Yes. There were more Christians children than non-Christians in my classroom through the years, but my basic tenet of teaching was that if even one child was hurt by my actions, that was one child too many.

    I wonder what Stephen Tobolowsky would say if his children had to sing songs praising Krishna, Mohamed, or the Buddha?

    Christian parents and their children have MANY opportunities to sing Christmas songs and attend pageants and plays and see living crèches.

    But In our schools, we must be respectful of all, and be especially diligent in respecting the beliefs of families of young children who are in our care.



    1. I am not sure you actually clicked through, as I requested, and read the entire piece. Mostly because I am trying to figure out how Stephen Tobolowsky (who is a devout, practicing Jew) pointing out that celebrations of the Winter Solstice are pagan, and therefore religious, is somehow insulting to Muslim, Jewish, Buddhist, and various other children. His suggestion that they instead have a regular music program, singing Beatles songs which would offend no one, seems to me to be reasonable under the circumstances you mention.

      If I were living in a Hindu country and my children were denied the chance to experience the local culture because a Diwali celebration was deemed too insulting to anyone who might believe differently, I'd feel they were cheated of a chance to enrich their lives. Likewise if we were living in a Muslim country, I'd expect Ramadan to be prominent in the schools, both the fasting and the joyful celebration that occurs every night when the fast is broken.

      If my faith couldn't take a couple of songs without feeling endangered, I'd feel it was a pretty weak and useless faith. If all we do is worry about being just like each other, where is the chance to enjoy the richness of culture? My oldest daughter and her friends would support their Muslim schoolmate in her fasting during high school during Ramadan. It was a Catholic high school. Obviously those parents didn't feel threatened. That young lady is now, I believe, an Amnesty International representative for Egypt. Isn't it possible that her deep experience of a fully celebrated Catholic life enables her to more fully do her job?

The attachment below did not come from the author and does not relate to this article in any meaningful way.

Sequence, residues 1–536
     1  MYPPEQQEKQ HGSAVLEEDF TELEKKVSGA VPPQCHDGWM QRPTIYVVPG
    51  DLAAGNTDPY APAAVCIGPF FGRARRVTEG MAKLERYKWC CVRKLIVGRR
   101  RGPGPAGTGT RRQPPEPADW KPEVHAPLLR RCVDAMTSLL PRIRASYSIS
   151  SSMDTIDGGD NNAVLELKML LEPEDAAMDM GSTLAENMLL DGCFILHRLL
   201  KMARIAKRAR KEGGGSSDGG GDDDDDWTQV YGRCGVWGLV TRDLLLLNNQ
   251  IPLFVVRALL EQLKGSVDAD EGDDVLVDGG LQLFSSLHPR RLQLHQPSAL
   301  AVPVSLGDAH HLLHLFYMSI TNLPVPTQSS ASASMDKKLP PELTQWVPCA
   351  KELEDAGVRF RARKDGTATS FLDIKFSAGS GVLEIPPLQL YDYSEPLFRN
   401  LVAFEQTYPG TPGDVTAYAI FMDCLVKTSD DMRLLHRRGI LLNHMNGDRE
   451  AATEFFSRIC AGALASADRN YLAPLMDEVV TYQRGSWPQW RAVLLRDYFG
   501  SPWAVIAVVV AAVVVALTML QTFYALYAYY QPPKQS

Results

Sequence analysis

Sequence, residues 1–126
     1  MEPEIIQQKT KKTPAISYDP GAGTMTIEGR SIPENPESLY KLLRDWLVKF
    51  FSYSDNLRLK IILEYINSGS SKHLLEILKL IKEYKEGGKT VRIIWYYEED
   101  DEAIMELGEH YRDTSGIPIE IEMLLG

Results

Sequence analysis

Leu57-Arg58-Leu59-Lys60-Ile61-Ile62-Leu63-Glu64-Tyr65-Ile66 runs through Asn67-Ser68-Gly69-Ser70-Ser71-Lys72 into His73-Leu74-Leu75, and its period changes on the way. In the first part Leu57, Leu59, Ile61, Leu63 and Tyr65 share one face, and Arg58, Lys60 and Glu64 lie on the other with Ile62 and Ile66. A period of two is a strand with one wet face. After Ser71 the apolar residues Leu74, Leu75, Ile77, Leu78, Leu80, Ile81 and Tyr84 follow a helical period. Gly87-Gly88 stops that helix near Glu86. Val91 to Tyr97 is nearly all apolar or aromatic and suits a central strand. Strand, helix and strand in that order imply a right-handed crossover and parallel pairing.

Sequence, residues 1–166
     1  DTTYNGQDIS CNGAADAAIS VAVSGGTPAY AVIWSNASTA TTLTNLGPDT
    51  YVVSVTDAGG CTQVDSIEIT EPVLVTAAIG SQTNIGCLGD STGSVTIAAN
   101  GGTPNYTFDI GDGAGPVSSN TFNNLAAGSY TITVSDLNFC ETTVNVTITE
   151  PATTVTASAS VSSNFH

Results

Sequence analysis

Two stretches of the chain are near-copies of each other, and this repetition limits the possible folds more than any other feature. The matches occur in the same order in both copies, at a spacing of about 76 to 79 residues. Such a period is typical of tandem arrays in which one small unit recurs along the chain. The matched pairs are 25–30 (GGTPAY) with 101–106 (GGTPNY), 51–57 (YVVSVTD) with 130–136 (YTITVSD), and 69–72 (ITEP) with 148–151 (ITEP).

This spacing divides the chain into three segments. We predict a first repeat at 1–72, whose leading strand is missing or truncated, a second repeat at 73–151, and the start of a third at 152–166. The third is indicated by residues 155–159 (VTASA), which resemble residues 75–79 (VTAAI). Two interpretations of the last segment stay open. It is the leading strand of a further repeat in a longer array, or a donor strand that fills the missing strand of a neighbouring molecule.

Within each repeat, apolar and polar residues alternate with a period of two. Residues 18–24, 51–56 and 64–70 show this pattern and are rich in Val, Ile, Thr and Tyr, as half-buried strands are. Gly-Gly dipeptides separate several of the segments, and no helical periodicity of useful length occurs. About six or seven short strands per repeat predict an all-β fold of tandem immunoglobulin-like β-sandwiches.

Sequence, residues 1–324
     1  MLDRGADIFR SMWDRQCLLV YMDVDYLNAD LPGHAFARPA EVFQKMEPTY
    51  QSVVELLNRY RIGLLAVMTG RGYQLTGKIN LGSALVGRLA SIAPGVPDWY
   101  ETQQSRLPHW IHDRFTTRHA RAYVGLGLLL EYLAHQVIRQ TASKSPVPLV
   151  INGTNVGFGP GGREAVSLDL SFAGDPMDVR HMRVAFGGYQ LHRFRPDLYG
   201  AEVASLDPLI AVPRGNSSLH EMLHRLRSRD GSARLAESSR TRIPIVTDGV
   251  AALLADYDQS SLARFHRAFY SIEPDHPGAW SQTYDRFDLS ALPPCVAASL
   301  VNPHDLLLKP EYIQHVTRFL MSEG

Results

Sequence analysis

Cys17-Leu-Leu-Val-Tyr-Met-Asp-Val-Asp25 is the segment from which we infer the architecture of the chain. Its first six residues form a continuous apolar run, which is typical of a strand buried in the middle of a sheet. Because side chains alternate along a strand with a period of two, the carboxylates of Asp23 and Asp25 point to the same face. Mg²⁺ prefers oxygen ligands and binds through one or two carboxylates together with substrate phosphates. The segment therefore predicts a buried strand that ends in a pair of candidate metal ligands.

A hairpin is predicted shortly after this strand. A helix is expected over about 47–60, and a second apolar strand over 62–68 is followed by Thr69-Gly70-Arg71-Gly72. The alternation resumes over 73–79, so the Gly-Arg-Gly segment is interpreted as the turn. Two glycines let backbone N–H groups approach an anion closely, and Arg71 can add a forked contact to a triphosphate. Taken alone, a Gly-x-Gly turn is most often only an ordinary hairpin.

When all we do is lower everything to the lowest common denominator it hurts us all. If nothing else, celebrating Christmas, no matter what one's faith, is a part of our country's culture. I bet those kids who aren't allowed to sing Christmas songs are watching A Charlie Brown Christmas at home. I certainly hope their parents aren't afraid of a little diversity. It is what made America great and can continue to do so ... Christmas songs and all.

  3. There's a movement up here in my area by a political party to make sure no person can wear religious artifacts of any kind because it might "offend" another. I'm waiting for specific colors to be outlawed because they might be considered "too religious".

    So when does it stop and society becomes tolerant enough for these people? Because I don't see an end to this slippery slope that doesn't end in bad things.